4 Things You Should NEVER Do at Work


Telecommuters, you may not have to work under the direct supervision of a manager, but that doesn’t mean you won’t get caught if you take advantage of the professional independence that working at home provides. 

Life is about growing from your mistakes; however, some of those difficult lessons learned from misbehaving at work can be avoided by following our list of professional no-nos that will find you in hot water faster than you might think.

Here are four things you should never do at work:

Burn a bridge. Whenever possible, maintain positive relationships with past employers and co-workers, especially those that will appear on your most recent work history. You never know when a former colleague, professor, or professional acquaintance will be asked to share an opinion of you with a potential client or employer, or when you will need to reach out for a referral or letter of recommendation.

Make commitments you can’t keep. Do what you say you are going to do. And if you can’t commit, be honest in the beginning. Knowing when to pass on projects or decline extra work offers is just as important as following through on deadlines and promises.

Lie. Be forthcoming about the reality of your skills, education, and work history right from the start. Otherwise, lying during a job interview will come back to bite you all the way to the unemployment line. Not to mention, initiating a pattern of lying before you have even landed a job will make you more likely to be dishonest down the road. Yes, telecommuters, stretching your lunch hour to two and sleeping in and starting work late are still lies.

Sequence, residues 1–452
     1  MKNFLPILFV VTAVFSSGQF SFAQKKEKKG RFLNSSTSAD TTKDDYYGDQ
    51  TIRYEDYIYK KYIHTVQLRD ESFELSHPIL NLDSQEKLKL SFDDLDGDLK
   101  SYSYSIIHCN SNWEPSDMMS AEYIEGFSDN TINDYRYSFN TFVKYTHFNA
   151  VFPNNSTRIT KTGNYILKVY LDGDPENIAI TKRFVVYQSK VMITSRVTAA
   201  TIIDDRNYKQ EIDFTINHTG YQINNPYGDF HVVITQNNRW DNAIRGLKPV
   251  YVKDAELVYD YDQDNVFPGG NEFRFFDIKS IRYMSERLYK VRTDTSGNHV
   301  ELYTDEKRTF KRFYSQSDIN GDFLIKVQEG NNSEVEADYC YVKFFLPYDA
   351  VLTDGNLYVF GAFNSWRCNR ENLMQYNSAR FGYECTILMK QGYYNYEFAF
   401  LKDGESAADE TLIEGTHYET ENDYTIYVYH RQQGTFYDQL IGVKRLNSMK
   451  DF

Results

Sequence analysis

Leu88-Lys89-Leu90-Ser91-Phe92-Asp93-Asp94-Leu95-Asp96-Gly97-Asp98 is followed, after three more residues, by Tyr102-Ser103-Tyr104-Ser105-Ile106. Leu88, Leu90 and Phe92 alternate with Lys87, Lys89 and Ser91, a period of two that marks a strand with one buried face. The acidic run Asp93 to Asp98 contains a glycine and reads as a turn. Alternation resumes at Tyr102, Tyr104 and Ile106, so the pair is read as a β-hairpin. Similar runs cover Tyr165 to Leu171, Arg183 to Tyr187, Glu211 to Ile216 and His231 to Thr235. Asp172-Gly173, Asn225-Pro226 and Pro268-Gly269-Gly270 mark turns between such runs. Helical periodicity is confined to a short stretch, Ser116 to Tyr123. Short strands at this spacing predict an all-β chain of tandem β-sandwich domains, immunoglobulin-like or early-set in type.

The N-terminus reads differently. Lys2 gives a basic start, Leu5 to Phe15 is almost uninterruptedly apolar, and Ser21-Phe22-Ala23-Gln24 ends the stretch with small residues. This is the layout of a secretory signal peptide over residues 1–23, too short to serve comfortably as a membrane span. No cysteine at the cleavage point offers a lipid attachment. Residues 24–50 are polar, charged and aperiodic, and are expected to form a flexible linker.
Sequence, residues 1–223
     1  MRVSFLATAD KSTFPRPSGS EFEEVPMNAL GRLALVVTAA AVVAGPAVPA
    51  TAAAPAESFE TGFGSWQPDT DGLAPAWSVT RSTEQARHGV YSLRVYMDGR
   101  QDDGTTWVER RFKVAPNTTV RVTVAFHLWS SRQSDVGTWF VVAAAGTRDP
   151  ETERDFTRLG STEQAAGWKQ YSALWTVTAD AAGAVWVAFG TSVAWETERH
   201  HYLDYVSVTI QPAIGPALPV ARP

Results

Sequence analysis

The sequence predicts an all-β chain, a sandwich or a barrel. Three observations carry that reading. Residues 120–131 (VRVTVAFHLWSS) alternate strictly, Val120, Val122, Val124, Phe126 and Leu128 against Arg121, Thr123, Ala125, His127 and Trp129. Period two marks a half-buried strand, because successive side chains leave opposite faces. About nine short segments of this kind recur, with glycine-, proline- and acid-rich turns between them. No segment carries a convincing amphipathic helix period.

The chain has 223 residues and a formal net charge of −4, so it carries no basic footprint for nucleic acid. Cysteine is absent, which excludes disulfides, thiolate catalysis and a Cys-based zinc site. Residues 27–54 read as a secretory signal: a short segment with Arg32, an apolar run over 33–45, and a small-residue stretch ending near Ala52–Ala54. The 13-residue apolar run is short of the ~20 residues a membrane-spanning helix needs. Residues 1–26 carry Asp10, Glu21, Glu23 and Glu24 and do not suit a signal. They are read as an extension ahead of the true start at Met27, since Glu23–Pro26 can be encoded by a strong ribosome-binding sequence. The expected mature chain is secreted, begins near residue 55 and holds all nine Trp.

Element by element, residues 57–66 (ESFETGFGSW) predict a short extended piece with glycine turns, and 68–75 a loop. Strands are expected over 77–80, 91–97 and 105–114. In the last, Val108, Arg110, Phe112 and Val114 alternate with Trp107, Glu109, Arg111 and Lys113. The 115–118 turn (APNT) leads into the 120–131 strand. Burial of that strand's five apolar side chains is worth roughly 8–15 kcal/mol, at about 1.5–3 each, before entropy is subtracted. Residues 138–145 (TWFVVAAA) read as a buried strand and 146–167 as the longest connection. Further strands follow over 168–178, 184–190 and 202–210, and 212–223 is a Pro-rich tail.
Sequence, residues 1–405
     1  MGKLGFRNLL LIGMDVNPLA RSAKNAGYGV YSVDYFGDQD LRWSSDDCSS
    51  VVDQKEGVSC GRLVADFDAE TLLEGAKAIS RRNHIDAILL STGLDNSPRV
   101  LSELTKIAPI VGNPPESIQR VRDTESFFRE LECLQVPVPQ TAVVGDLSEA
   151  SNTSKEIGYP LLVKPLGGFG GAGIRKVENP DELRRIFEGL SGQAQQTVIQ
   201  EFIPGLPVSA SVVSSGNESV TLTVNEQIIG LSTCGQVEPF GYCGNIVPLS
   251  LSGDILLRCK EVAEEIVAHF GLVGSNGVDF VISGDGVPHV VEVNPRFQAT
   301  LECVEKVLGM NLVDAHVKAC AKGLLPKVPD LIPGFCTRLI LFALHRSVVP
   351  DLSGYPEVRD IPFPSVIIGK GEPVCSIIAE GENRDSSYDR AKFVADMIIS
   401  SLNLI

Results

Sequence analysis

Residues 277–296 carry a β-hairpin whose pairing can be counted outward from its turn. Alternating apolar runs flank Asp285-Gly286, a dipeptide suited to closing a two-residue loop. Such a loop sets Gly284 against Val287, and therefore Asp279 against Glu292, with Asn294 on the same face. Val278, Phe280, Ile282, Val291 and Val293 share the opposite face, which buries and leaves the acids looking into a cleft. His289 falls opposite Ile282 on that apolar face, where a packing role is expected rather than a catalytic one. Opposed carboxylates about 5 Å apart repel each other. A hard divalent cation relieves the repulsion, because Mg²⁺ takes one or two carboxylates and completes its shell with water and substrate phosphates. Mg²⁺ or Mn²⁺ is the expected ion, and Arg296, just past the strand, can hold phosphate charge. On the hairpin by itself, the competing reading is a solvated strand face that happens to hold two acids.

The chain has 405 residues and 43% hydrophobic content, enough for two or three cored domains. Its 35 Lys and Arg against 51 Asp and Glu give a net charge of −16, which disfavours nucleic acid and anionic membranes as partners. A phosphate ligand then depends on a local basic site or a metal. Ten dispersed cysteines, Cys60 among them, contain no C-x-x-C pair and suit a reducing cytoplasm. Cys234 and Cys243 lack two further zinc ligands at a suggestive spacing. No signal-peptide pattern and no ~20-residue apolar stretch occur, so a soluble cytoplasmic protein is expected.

Give too much information. We’ve all read an email from a co-worker that divulged something personal and thought, “TMI!” Don’t be that person. Topics like religion, sex, politics, and even your own earnings should be censored from conversations with co-workers, conference calls, and work emails. Keep professional correspondence professional and save personal revelations for off-the-clock chats with your friends and family.

We want to hear from you! Have you made any mistakes at work that taught you a valuable lesson? Share your story in a comment, interact with us on Facebook, Twitter, Google+, and Pinterestand follow the links below to find out how Virtual Vocations can help you find a legitimate telecommute job. 

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About Sarah Rivkind 253 Articles
Sarah Rivkind writes about a variety of topics related to telecommuting, work-life balance, job searching, and more.

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